Los Angeles

California Tech Industry Faces Constitutional Challenge Over Protecting Children Online


From Sacramento to the nation’s capital, courts and legislators are deciding how to balance the right to freedom of speech with real-world harm.

AB 2273, authored by Assemblymember Buffy Wicks (D-Oakland) and former Assemblyman Jordan Cunningham (R-San Luis Obispo) was signed into law last year and aimed to compel platforms to design their products with protection for kids in mind. However, NetChoice, a tech industry group filed an injunction to block the law claiming that it’s a “heavy-handed” approach to violate the constitutional rights of Californians. Governor Gavin Newsom released a statement, pledging to fight the lawsuit.

“The tech industry doesn’t want regulations? Right? I mean, why would you if you’re them….and I’m not a Luddite,” Wicks told NBCLA. “My kids are digital natives, but we have to have guardrails around this, we know that there’s negative impacts of spending so much time online.”

Carl Szabo, the Vice President and General Counsel of NetChoice argues that his organization is referring to teenagers, and not children, as the U.S. The Supreme Court held that the First Amendment gives teenagers constitutional rights to access the Internet.

“It’s not the responsibility of the government, or, you know, kids sitting in Silicon Valley basements writing code to decide what’s best for me and my family, ” Szabo said in an interview. “And that’s what we’re seeing here.”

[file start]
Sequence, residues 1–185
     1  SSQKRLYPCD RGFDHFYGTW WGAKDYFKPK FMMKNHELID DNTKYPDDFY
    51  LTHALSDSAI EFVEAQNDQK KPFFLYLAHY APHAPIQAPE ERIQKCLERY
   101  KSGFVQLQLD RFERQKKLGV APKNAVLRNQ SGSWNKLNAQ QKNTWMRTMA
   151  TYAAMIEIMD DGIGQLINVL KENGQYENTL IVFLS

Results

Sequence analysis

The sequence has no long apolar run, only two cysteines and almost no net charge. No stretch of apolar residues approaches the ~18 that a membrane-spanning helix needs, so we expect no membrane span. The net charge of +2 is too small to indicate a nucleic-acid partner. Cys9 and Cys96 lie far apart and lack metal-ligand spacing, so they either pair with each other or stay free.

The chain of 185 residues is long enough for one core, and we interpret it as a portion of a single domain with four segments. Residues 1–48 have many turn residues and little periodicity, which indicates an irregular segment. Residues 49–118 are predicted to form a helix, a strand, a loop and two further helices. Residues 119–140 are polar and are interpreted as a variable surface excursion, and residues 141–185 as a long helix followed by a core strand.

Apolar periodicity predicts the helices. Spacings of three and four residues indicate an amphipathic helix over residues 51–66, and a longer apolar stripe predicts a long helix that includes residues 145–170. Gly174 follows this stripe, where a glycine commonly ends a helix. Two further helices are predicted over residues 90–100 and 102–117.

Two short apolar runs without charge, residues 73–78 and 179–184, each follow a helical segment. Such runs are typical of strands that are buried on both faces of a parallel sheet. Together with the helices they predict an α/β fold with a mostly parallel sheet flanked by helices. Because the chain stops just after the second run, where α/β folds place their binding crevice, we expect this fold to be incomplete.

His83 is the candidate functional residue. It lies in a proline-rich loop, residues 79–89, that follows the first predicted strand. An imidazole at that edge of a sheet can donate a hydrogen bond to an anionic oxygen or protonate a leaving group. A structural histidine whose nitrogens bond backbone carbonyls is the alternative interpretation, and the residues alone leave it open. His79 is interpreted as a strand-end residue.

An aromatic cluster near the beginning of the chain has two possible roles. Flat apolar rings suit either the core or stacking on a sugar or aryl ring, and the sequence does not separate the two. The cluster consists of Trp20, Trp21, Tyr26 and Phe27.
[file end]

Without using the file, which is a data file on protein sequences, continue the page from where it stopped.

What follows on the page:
This past week, the Supreme Court heard oral arguments for Gonzalez v. Google, a case attempting to hold Google accountable for the death of Nohemi Gonzalez, a California college student who was killed in a terrorist attack in Paris. Her family argues that Section 230 failed to protect Youtube’s use of algorithms to recommend ISIS recruitment content to its users, pushing the terrorist towards radicalizing content. According to the justices, Congress is the best branch of government to amend Section 230 as opposed to the Courts.

California is home to some of the strictest digital restrictions in the country, and the state legislature has carried on with drafting bills that crack down on tech companies.

A newly introduced bill by State Sen. Nancy Skinner (D-Oakland), SB 287, would mandate consequences for social media algorithms that encourage young people from purchasing fentanyl, taking part in challenges that cause self-harm, and knowingly design other products that are addicting for kids. Skinner said that the proposed law would also allow parents to take companies to court on the notion that they have directed their child to a site that promotes harmful behavior.

“We see kids being directed to things like the “choke challenge” to sites that celebrate and promote suicide, to sites where they can purchase in effect, drugs that are laced with fentanyl,” said Skinner.

Like Wicks, Skinner also argues that her bill does not violate Section 230 as although the federal law has immunity on content, they do not have immunity on how they design their algorithms.


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